Tricounty News

Bull fighting

Whenever I cannot even catch the animal I am supposed to treat, it always begs the question: How sick can they really be? It seems to happen more often than not with beef animals, and last Friday it was "Ole," the 9-year-old Scottish Highlander bull with a sore foot.

The owner warned me ahead of time there was no way to catch the animal, really, because there was no chute or anything, just an open pen. Liking a good challenge, I didn't mind heading out to the farm and having a look. After all, this wouldn't be the first bovine I've had to try to rope - one time I had to do it from the back of a moving ATV, and another time from a golf cart.

Aside from his noticeable limp, Ole was an impressive beast likely tipping the scales at a ton, and true to his breed, he sported two perfectly symmetrical horns just as long as they were sharp. I estimated that I would actually be able to see the bloody tip of his horn sticking out through any part of my body in any direction like a skewer if I were to upset him. But he seemed like a gentleman, so with my 6-foot pole-syringe loaded with a polite dose of tranquilizer, I stabbed him in the butt. Now, there are two styles of bull fighting I am aware of ... the traditional one where matadors encourage bulls to take passes at them, with the bull getting stabbed each time they charge with only one contestant leaving the arena on their feet, and "American-style" bull fighting, where rodeo clowns lure angry bulls away from bucked-off riders, jumping in a protective barrel for safety when they get charged. Even though my main goal was to help the bull, my bull-fighting style was closer to the traditional one because I did stab him, and I did hope he would not be on his feet after I did so, and besides that, I didn't have a clown costume or barrel to jump in. Nevertheless, the first dose of tranquilizer was merely my first insult against the otherwise amiable Ole. Round and round we went in the pen trying to give him a second dose, human chasing bull, quite the opposite of either bull-fighting style, and finally the second dose was in ... seeming to tick him off more than it did tranquilize him. As we continued to pursue him for a third dose, the mood suddenly changed. Ole decided he had enough, and he turned squarely to face me, as if I was waving a red blanket at him! With offense quickly turning to defense and no barrel to jump in, I headed straight over the fence without taking the time to check if I needed a new pair of underwear.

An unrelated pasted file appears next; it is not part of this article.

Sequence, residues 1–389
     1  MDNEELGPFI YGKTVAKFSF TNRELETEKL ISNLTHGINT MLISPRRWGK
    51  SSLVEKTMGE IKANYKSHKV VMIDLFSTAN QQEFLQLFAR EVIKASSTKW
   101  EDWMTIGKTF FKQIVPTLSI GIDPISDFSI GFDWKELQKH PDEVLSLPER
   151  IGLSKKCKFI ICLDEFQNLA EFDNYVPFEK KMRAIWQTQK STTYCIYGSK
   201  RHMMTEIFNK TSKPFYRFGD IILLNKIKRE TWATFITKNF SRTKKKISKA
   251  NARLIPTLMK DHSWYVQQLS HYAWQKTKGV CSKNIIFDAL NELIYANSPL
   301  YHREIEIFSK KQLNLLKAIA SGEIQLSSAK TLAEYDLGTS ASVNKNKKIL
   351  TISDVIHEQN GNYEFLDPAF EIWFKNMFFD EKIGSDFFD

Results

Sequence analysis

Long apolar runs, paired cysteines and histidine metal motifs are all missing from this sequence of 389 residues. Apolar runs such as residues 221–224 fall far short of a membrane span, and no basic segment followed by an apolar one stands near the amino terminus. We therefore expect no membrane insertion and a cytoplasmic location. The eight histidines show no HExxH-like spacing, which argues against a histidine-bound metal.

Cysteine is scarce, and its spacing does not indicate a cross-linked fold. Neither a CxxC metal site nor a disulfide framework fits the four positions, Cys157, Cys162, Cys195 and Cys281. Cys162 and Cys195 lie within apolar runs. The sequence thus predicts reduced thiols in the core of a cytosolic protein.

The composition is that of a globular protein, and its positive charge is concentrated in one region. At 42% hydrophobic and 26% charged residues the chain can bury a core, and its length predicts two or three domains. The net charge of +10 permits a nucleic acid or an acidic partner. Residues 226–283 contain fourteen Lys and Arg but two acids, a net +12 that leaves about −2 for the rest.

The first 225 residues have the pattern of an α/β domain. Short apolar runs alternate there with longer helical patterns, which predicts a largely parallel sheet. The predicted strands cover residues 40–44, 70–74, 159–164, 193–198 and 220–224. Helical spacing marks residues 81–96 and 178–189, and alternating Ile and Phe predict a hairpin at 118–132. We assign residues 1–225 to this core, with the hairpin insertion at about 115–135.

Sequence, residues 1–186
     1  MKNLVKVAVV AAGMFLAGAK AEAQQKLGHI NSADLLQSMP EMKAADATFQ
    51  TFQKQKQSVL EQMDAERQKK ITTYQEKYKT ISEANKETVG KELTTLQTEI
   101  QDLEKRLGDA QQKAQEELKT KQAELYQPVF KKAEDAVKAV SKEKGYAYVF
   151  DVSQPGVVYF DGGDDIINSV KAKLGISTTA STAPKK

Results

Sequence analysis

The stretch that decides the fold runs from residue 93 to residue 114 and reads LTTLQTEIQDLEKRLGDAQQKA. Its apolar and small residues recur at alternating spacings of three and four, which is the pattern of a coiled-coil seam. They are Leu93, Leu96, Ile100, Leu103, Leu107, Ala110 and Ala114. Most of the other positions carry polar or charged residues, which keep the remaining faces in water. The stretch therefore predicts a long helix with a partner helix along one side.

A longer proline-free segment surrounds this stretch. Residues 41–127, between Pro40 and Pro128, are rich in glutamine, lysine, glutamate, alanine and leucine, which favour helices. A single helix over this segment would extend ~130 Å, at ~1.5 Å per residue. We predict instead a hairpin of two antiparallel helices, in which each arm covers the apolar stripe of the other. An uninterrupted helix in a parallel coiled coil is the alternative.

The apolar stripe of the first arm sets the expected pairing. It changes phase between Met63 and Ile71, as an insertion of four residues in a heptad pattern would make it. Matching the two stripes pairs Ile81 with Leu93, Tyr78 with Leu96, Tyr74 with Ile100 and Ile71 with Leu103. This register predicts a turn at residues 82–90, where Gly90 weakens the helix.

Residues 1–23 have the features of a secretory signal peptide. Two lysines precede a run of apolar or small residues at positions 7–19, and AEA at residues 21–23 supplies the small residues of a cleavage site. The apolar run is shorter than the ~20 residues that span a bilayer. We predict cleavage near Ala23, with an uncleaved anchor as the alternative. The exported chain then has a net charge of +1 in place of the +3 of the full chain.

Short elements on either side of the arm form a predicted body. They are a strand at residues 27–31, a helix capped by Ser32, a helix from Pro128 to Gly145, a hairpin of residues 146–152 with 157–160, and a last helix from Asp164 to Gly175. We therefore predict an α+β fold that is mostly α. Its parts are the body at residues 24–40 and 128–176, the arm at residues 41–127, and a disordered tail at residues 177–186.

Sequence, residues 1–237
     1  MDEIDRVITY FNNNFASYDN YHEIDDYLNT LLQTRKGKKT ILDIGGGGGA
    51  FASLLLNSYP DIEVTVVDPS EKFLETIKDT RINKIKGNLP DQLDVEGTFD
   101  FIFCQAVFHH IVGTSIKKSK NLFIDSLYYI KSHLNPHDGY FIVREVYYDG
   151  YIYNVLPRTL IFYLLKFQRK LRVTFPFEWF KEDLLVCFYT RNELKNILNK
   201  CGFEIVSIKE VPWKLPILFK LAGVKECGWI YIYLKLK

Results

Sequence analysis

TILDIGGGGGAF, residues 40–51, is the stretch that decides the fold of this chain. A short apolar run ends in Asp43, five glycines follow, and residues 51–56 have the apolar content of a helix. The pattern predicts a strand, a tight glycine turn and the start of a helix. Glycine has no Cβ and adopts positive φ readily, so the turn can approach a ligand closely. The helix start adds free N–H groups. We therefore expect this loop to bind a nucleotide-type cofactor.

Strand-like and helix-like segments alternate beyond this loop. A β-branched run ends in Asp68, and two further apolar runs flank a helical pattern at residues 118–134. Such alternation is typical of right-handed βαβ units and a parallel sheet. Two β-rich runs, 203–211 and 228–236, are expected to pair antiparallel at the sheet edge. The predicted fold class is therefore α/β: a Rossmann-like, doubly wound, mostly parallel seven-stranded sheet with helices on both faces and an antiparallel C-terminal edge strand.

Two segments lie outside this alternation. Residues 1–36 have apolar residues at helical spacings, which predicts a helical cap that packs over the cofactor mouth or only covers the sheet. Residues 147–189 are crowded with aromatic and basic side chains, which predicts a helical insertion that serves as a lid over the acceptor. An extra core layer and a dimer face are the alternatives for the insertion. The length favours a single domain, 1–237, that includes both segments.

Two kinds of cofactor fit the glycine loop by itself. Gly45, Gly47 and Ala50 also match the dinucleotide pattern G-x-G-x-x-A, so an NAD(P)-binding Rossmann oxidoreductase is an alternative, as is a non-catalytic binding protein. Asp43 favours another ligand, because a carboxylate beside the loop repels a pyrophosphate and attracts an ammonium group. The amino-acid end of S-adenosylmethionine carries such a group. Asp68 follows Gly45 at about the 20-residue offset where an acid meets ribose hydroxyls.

Do we give up at this point? Never. That beast is going to get his foot fixed up whether he likes it or not. The grand finale of the rodeo was Ole's owner driving a skid loader toward the angry bull with me riding on the roof, surfer-style, throwing my lasso over Ole's massive neck, and giving him a little more drug that rendered him into a mere puppy dog with a sore paw. I carved out the painful abscess he had on his hoof, gave him some pain medications and antibiotics, reversed the tranquilizer and got the heck out of his pen. Who would have thought the safest place on Earth was on the roof of a moving Bobcat?

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